Maybe the reason you’re inspired to pick up Joseph Boyden’s latest book, The Orenda, is because you heard it recently won the CBC Canada Reads competition. Or maybe you just enjoy a good tale about a feisty, magic Iroquois girl and a Jesuit missionary.
But there’s yet another reason to reach for a literary novel: It may make you a kinder person.
Social psychologists at New York’s New School for Social Research conducted a study in which people were given something to read, and then tested on empathy, social perception and emotional intelligence. They found that those who read award-winning literary fiction scored higher than those who read sci-fi bestsellers, trashy romance novels, serious magazine articles, or nothing but the cracks on the wall.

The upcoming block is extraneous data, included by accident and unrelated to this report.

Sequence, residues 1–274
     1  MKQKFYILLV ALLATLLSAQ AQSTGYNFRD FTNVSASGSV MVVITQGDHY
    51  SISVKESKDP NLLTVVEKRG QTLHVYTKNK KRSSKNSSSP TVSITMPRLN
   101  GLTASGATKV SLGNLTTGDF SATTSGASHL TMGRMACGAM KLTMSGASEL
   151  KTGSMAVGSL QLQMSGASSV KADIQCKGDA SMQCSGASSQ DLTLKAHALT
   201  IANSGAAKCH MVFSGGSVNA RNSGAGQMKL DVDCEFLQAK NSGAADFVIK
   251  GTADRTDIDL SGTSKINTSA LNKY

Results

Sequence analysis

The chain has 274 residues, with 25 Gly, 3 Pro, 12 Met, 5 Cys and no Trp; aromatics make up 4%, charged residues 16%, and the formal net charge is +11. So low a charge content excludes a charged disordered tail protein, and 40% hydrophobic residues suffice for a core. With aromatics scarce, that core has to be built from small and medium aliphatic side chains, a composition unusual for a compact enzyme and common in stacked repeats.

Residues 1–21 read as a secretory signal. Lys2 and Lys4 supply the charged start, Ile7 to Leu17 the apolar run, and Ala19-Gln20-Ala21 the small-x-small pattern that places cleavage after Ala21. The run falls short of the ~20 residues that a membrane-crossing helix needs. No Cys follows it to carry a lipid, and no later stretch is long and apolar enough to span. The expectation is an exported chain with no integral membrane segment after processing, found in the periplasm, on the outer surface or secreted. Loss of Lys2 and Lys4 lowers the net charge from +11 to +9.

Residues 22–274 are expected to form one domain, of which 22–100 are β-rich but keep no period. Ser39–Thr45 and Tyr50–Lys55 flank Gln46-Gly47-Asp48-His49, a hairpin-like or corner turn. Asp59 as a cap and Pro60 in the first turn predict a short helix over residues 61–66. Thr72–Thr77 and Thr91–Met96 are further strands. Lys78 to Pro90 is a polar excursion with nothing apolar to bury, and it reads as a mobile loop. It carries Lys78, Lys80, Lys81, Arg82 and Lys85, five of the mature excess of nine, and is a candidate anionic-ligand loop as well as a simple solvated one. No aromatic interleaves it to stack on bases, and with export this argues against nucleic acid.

The researchers have speculated that reading literary fiction (and, they guess, arts in general) may make us more sensitive and understanding. That’s because we exercise our insight and imagination to appreciate the rich, complex characters portrayed in these novels.
I, on the other hand, speculate that maybe I’ll now feel a little less guilty when I put off my vacuuming just because I’m engrossed in a book by Rohinton Mistry or Annie Proulx. Hey, I can now say in my defense, it’s making me a more compassionate person (if a rather slack housekeeper). And with my refined powers of empathy, you can be sure that when you do trip over the dust bunnies in my house, I’ll feel truly, deeply sorry for you.